You have skipped the navigation, tab for page content
Queensland Rugby League helps celebrate NAIDOC Week

Across Australia, NAIDOC Week events are being held to help celebrate the history, culture and achievements of Aboriginal and Torres Strait Islander peoples.

Held between July 4-11, it is a week that is celebrated not only by Indigenous communities, but by people from all walks of life, including within Queensland Rugby League.

This year, the theme is ‘Heal Country’, which amongst many things means embracing First Nation's cultural knowledge and understanding of country as part of Australia's national heritage and that the culture and values of Aboriginal peoples and Torres Strait Islanders are respected equally to the cultures and values of all Australians.

While there are a number of activities and celebrations being held this week in various QRL regions, for QRL Indigenous Advisory Committee co-chair Eddie Monaei, the work being done by the organisation outside of special weeks such as NAIDOC Week and Reconciliation Week make him proud.

Match highlights: Frank Fisher Cup

“First things first, the QRL currently have in place a Reconciliation Action Plan and … it sets the strategic direction of the QRL in terms of what reconciliation means to us; so that means as an organisation being visible, recognising and acknowledging First Nations people of this country in our business operation and also being aware that our game is being played on traditional country,” Monaei said.

“We are in the process of working with our Aboriginal and Torres Strait Islander communities to highlight who they are, advocating that this is their country first and we have been given that opportunity to play on country.

Maroons honour 'our shared histories, cultures, and achievements'

“The inclusion of Indigenous designs to the Queensland Maroons training attire is also part of that reconciliation journey, which means that our players that play at that elite level are now feeling that their culture and identity is being inclusive of our game and us as an organisation are accepting that this is part and parcel of our history, and of our makeup moving forward.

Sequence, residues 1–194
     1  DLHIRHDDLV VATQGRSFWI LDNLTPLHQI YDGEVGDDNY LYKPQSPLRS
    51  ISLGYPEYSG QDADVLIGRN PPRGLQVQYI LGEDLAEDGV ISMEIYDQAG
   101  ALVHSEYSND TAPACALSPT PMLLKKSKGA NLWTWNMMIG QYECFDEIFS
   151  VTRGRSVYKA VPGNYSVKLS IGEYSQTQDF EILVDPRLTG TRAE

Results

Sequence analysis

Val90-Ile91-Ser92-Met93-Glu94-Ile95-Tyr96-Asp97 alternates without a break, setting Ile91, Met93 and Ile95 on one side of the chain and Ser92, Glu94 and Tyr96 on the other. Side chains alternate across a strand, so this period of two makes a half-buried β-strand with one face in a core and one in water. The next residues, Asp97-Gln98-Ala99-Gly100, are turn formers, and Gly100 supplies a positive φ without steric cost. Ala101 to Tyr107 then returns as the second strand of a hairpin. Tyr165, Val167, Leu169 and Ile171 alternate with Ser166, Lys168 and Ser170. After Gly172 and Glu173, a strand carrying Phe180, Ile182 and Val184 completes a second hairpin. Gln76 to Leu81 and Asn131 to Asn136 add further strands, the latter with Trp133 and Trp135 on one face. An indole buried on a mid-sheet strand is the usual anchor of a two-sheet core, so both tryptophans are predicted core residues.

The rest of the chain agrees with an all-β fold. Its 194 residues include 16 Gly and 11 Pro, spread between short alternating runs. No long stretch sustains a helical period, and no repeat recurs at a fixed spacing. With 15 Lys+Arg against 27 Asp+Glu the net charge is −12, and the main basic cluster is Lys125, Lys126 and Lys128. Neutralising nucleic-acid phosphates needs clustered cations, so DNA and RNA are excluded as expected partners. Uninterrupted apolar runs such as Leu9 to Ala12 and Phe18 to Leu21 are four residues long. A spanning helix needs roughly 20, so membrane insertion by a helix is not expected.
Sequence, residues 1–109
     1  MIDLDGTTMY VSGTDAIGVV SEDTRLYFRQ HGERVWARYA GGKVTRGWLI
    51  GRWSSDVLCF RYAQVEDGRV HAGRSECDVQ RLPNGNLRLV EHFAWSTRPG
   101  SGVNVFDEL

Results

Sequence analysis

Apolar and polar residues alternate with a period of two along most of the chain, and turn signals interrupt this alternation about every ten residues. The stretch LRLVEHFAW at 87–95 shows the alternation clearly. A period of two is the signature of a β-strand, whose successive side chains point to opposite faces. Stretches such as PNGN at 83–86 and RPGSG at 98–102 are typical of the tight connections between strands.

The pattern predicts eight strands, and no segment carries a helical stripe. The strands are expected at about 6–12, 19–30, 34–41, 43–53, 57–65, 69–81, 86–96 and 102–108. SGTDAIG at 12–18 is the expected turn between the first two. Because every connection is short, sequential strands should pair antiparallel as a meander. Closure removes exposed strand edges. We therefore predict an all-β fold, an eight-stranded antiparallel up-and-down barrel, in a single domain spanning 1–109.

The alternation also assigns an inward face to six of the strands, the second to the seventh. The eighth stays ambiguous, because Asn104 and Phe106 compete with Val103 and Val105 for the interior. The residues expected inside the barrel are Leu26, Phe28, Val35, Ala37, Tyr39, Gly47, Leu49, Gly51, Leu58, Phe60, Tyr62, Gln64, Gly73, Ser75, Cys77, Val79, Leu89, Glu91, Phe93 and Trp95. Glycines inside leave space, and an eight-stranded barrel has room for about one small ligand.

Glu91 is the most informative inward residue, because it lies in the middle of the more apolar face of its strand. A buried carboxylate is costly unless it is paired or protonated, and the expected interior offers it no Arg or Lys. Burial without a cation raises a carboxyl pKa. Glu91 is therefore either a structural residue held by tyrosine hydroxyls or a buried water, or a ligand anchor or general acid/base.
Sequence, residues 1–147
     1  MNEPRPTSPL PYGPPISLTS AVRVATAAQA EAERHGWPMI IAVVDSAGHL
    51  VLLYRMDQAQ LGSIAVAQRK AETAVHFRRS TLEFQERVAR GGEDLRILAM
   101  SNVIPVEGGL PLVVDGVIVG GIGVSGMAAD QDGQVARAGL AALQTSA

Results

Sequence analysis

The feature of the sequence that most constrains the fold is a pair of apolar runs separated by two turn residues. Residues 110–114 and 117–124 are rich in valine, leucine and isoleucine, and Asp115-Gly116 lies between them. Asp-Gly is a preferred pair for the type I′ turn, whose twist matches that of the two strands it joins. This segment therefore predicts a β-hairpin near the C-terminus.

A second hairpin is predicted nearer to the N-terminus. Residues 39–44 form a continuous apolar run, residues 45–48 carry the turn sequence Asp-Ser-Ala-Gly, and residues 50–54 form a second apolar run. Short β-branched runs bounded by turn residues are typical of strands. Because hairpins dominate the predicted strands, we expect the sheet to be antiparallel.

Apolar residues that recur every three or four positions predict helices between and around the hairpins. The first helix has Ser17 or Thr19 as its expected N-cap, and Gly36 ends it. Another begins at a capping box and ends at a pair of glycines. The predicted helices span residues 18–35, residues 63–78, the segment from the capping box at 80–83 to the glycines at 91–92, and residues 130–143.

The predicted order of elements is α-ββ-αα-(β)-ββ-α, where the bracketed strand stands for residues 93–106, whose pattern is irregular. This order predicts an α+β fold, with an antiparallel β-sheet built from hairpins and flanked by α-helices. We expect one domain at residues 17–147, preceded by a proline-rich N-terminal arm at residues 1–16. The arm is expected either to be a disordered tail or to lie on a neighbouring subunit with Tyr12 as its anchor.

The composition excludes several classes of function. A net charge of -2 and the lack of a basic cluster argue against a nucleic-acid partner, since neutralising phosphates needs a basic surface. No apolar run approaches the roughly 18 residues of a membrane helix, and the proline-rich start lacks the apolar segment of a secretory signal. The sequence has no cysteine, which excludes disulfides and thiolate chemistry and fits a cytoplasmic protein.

“We are working more inclusively, and more importantly, taking a holistic perspective of where culture can fit into the QRL moving forward.

“It’s every day.”

Already, there have been some small, but important things incorporated into the day-to-day operations for all employees within the QRL.

“We now see part and parcel of our business that an Acknowledgement of Country is done first and foremost before we conduct business, which is incredible,” Monaei said.

“We are seeing that the acknowledgement of Aboriginal and Torres Strait Islander peoples is now part of our email signature, so it is not only being visibly, it is also being practiced and I think that’s crucial in terms of what we want to right up for this year is that not only are we talking the talk, we are also walking the work in terms of putting it into practice, implementing into our business operations and our people are being advocates and champions of reconciliation.

“I am extremely pleased to see that we have progressed as an organisation to embrace culture into our game, but more so into our business practice.

“[On the field] we have also seen more and more Aboriginal and Torres Strait Islander people transition from grassroots football … through to the elite level that have had strong foundation growth from the things we have put in place around instilling culture in our game and I think that’s quite evident.”

There are a number of activities taking place across Queensland Rugby League this week to celebrate NAIDOC Week. Here’s a snapshot:

  • QRL North are hosting a community luncheon on to celebrate NAIDOC Week and acknowledge the significant contribution that First Nations people have had within the rugby league community. A barbecue lunch is provided, while guests are also invited to bring a traditional dish share.
  • A QRL delegation is attending a special day at Woorabinda, a Central Queensland town two hours south west of Rockhampton situated on the traditional lands of the Wadja Wadja / Yungulu Aboriginal people. The trip aims to encourage dialogue and also discuss achieving positive health and wellbeing outcomes for the residents of Woorabinda.
  • In Townsville, QRL employees who work at Sports House are doing their own research projects to share with others, highlighting significant Aboriginal and Torres Strait Island people and important dates to put up at the entry to the venue.